Books / Introduction to Bash Scripting / Chapter 16
Sending emails with Bash and SSMTP
SSMTP is a tool that delivers emails from a computer or a server to a configured mail host.
SSMTP is not an email server itself and does not receive emails or manage a queue.
One of its primary uses is for forwarding automated email (like system alerts) off your machine and to an external email address.
In order to install SSMTP, you’ll need to first update your apt cache with:
sudo apt update
Then run the following command to install SSMTP:
sudo apt install ssmtp
Another thing that you would need to install is
mailutils, to do that run the following command:
sudo apt install mailutils
Now that you have
ssmtp installed, in order to configure it to use your SMTP server when sending emails, you need to edit the SSMTP configuration file.
Using your favorite text editor open the
sudo nano /etc/ssmtp/ssmtp.conf
You need to include the your SMTP configuration:
root=postmaster mailhub=<^>your_smtp_host.com<^>:587 hostname=<^>your_hostname<^> AuthUser=<^>[email protected]_smtp_host.com<^> AuthPass=<^>your_gmail_password<^> FromLineOverride=YES UseSTARTTLS=YES
Save the file and exit.
Sending emails with SSMTP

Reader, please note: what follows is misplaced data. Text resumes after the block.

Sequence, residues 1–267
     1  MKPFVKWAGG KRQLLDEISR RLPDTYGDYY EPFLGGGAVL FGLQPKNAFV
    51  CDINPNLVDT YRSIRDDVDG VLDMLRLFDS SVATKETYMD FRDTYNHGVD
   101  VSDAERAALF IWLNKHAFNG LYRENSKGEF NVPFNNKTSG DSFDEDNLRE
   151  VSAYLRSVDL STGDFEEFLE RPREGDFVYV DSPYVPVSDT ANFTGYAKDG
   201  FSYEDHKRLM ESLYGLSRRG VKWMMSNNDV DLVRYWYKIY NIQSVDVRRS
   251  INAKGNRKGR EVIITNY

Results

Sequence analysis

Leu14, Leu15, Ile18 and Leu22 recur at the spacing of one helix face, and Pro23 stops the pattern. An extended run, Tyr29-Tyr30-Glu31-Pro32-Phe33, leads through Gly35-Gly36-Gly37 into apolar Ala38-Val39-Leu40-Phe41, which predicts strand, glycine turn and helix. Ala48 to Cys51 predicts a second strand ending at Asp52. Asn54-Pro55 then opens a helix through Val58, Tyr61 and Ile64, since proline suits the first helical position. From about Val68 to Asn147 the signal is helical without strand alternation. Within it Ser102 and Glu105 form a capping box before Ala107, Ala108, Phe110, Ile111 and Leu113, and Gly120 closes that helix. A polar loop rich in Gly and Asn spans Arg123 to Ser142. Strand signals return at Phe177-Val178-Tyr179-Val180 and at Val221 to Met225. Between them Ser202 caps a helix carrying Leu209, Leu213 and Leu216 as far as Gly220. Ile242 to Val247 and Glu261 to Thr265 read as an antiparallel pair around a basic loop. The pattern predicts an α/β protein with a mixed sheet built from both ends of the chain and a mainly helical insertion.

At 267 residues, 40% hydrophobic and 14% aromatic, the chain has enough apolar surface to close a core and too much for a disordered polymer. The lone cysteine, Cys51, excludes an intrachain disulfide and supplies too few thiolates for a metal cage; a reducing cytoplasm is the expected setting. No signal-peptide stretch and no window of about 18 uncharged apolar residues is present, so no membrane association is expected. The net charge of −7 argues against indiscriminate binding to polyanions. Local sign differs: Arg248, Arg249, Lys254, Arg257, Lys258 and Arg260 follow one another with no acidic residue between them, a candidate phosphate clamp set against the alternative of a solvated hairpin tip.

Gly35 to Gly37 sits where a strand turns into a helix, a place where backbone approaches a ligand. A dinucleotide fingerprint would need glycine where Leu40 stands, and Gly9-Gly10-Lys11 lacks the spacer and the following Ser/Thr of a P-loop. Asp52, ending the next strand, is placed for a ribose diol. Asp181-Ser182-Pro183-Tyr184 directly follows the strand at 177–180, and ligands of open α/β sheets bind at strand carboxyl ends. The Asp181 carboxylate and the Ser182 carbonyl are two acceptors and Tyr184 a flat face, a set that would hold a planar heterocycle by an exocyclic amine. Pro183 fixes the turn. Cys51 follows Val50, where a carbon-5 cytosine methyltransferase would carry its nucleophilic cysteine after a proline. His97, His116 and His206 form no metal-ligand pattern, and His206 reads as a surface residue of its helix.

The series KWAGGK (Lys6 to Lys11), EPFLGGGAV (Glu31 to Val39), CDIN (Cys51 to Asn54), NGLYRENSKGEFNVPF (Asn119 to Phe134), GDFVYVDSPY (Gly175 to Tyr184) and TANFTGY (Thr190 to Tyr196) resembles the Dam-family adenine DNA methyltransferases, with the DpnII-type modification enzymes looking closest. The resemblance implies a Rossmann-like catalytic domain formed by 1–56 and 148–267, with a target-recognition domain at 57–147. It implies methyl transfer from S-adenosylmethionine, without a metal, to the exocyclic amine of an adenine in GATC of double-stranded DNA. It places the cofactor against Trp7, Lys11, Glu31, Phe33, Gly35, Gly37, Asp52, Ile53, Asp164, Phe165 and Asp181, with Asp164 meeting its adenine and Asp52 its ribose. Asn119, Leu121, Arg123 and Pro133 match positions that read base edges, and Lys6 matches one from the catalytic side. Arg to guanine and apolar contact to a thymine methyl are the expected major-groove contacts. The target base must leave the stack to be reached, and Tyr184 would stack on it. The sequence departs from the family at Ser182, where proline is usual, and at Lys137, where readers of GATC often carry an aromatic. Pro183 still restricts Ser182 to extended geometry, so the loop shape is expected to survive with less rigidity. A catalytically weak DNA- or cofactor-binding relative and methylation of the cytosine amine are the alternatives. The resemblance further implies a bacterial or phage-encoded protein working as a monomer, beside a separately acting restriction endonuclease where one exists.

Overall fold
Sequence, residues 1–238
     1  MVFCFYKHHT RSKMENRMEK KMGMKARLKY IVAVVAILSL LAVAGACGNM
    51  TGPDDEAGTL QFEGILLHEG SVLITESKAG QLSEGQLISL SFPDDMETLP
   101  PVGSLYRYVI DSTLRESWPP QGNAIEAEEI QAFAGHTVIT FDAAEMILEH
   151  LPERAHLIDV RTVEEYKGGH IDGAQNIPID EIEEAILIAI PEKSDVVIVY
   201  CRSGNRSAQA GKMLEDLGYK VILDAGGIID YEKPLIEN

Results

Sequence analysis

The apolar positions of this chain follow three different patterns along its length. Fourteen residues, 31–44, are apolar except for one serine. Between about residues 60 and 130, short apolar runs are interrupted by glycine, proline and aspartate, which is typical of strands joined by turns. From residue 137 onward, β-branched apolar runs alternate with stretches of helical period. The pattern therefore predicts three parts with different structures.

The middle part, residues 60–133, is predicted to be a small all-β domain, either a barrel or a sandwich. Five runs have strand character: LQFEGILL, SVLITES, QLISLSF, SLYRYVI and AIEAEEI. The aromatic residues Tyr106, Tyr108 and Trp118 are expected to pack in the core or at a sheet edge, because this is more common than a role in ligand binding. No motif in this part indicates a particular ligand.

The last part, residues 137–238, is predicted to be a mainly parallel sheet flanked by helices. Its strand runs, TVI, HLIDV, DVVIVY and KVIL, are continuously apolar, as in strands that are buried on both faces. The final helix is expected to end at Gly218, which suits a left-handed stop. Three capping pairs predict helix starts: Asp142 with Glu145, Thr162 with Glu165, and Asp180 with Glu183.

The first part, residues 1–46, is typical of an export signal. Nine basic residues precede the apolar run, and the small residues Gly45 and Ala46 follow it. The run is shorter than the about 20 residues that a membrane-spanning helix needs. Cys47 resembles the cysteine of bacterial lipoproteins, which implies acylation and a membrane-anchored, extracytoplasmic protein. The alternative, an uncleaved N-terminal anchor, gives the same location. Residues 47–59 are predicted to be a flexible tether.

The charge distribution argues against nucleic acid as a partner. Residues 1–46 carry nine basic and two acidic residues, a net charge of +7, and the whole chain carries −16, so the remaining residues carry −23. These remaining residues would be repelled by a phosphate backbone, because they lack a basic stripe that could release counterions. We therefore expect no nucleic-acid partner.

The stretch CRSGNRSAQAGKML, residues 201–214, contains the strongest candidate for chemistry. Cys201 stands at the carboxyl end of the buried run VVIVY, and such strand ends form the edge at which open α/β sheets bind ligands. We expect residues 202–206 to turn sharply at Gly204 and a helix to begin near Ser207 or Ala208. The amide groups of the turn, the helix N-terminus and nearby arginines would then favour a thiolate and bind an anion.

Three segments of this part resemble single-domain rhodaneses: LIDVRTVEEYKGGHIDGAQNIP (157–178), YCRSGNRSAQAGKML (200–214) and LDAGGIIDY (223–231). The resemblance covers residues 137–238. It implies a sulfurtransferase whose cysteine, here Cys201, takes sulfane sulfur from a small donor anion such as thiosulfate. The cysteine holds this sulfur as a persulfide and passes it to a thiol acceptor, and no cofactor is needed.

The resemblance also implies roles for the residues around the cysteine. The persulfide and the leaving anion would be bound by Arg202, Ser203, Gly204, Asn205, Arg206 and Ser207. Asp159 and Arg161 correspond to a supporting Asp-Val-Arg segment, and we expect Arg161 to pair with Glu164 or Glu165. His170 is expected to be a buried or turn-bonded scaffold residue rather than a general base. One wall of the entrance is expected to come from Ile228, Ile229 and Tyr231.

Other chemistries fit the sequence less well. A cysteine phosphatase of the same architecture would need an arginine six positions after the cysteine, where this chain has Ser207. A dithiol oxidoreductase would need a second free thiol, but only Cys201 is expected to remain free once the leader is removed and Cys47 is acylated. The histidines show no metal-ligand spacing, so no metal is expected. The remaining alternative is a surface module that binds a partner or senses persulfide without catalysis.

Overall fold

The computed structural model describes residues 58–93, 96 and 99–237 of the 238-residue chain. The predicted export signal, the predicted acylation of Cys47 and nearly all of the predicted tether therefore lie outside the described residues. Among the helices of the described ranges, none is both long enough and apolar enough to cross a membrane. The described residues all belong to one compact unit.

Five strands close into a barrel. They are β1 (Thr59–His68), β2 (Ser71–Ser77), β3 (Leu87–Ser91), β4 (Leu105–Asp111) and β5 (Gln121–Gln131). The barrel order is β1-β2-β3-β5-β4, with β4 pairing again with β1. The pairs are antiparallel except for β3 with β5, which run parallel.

Once your configuration is done, in order to send an email just run the following command:
echo "<^>Here add your email body<^>" | mail -s "<^>Here specify your email subject<^>" <^>[email protected]<^>
You can run this directly in your terminal or include it in your bash scripts.
Sending A File with SSMTP (optional)
If you need to send files as attachments, you can use
mpack run the following command:
sudo apt install mpack
Next, in order to send an email with a file attached, run the following command.
mpack -s "<^>Your Subject here<^>" your_file.zip <^>[email protected]<^>
The above command would send an email to
<^>[email protected]<^> with the
SSMTP is a great and reliable way to implement SMTP email functionality directly in bash scripts.
For more information about SSMTP I would recommend checking the official documentation here.